Alan: Last question; a philosophical one. After the Brighton Bombing in ’84, the IRA released a statement that included the line “…remember we only have to be lucky once. You have to be lucky always.” When it comes to computing security, it’s the same problem, only worse. You can’t negotiate with the bad guys, and you’ve got attacks going for the data in the cloud, where the end-user is at the mercy of the e-tailer or cloud provider, and then you have attacks going after vulnerabilities on the user’s own desktop. Do you think we can actually win this war or are we just hoping to minimize our losses?
Joanna: If we didn't believe that we could build a reasonably secure system, significantly more secure than others, we would not be investing all those efforts into building Qubes OS. And personally, I would not be sacrificing the sexiness of Apple hardware and software ;) Yup, you heard me right; I admit I'm an Apple fangirl. Yet, I was willing to replace my primary laptop with a non-Mac one. I guess this is what you call a sacrifice!
Alan: Believe it or not, I just switched back to Windows 7 after using a Mac for a few years (a Lenovo ThinkPad X220). Are you running Qubes as your primary system now? Or dual-booting that and something else?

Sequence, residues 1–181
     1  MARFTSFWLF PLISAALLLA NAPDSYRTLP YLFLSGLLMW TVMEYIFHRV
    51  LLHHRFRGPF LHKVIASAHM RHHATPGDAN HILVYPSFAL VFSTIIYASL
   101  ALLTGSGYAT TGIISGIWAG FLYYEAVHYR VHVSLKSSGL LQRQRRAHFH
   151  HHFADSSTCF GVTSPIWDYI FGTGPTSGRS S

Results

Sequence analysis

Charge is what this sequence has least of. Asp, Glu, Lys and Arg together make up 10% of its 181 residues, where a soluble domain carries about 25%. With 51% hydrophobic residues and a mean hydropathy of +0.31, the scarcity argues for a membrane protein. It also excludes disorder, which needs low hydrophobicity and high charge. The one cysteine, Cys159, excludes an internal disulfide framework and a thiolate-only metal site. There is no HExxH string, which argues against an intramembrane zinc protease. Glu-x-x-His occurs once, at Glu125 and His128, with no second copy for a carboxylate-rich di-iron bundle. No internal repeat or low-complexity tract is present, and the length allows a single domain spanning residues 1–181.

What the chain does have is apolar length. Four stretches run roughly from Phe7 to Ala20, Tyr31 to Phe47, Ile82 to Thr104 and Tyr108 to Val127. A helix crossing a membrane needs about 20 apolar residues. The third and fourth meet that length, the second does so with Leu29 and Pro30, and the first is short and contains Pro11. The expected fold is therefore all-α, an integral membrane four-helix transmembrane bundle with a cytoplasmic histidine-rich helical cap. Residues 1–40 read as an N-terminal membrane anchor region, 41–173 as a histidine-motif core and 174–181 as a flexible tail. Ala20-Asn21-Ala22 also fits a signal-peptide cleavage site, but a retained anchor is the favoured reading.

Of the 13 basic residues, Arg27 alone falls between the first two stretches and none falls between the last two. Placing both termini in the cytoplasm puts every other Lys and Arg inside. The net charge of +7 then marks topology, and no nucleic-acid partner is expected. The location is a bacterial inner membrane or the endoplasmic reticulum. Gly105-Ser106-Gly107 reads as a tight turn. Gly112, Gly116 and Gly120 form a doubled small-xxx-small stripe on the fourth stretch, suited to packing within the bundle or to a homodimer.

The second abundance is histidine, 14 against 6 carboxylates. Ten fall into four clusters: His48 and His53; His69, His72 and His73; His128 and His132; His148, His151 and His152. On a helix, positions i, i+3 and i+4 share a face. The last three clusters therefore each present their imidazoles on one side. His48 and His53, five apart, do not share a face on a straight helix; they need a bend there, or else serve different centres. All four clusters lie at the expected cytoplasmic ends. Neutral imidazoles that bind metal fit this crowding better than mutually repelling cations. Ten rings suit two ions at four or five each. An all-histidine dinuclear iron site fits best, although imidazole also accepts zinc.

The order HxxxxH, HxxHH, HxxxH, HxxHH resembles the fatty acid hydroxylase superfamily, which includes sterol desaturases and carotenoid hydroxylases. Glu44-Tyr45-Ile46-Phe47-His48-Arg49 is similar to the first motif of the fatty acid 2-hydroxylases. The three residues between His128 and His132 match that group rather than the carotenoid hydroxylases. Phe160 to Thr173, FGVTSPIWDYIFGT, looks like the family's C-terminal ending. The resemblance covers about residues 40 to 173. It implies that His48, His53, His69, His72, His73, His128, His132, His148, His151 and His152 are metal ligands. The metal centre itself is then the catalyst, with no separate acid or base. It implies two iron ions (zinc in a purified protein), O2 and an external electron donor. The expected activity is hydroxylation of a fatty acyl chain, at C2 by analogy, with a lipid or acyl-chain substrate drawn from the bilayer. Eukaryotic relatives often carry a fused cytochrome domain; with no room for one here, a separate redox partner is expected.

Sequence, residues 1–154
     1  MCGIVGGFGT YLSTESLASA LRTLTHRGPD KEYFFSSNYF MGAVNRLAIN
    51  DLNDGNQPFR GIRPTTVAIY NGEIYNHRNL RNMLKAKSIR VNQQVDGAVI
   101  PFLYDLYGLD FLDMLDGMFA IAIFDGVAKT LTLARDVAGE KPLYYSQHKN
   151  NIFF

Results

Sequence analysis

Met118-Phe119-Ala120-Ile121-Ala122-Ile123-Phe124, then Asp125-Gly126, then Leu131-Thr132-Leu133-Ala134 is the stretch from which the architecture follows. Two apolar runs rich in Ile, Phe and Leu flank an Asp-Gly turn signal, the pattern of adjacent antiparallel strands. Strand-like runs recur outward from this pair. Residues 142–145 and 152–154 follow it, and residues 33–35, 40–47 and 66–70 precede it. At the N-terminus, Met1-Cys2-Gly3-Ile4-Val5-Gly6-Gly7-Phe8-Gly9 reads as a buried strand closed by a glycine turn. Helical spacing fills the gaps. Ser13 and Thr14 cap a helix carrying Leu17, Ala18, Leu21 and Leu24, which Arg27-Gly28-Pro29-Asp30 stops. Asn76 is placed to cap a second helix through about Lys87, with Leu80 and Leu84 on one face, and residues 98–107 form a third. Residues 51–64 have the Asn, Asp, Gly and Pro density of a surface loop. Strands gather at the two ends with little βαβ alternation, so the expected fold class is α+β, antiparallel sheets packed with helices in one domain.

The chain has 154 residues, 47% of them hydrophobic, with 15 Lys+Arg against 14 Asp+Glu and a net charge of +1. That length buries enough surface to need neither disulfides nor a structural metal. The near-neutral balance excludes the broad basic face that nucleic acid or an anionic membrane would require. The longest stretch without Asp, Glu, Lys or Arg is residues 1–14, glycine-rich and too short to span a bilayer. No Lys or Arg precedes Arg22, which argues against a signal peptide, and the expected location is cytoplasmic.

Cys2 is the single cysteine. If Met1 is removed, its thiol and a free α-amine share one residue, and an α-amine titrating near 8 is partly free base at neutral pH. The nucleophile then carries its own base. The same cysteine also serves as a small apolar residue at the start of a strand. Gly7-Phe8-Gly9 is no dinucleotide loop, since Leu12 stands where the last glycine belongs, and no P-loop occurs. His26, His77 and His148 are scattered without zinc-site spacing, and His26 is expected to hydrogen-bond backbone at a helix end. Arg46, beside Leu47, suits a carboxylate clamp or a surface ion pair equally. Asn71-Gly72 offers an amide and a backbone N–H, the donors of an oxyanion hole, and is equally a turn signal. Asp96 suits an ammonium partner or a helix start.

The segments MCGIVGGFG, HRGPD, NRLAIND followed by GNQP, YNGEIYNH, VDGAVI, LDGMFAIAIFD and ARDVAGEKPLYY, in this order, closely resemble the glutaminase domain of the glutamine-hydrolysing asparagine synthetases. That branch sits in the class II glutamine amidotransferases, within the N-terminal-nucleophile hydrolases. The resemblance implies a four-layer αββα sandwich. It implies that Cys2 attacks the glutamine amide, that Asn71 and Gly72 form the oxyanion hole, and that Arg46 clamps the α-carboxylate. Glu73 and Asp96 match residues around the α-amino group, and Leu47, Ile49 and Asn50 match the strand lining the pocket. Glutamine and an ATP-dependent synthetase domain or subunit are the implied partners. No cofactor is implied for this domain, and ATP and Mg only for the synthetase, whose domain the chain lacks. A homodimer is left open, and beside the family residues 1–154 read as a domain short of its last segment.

Joanna: Of course I use Qubes as my primary system! In fact, I completely switched to Qubes back in March 2010 (even before the first public "Alpha 1" release in April 2010), which made me the proud #1 full-time user of Qubes (with Rafal taking second place).
Alan: Are you running Qubes on a MacBook Pro using Boot Camp? Or are you really running it on a PC now?
Joanna: I'm currently using a Sony Vaio Z as my primary laptop for Qubes. It has some advantages over MacBooks, such as support for Intel VT-d in the BIOS, and better support in Linux drivers for various devices.
Just a few months ago, however, I also bought myself an iPad 2, which I use for personal, non-sensitive stuff, such as task/shopping lists (I love things from Cultured Code) and calendar, photos, and news reading, as well as making my public conference slides (I love Keynote, and I really hate Open Office!).
I love my iPad, of course, and I dream sometimes that we could have Qubes for ARM (e.g. iPad) that would be using iOS-based domains. That’s absolutely doable, technically, but unfortunately not possible because of other, non-technical reasons, such as licensing.
Alan: On the topic of tablets, maybe that would be good for the "enterprise"-grade tablets from Cisco or HP.
Joanna: Maybe we will release Qubes for ARM one day and use Android for domains.
Alan: Sounds interesting. Thanks a lot for taking the time to talk to us about Qubes-OS. Please keep us updated with its progress.
Joanna: My pleasure, as always.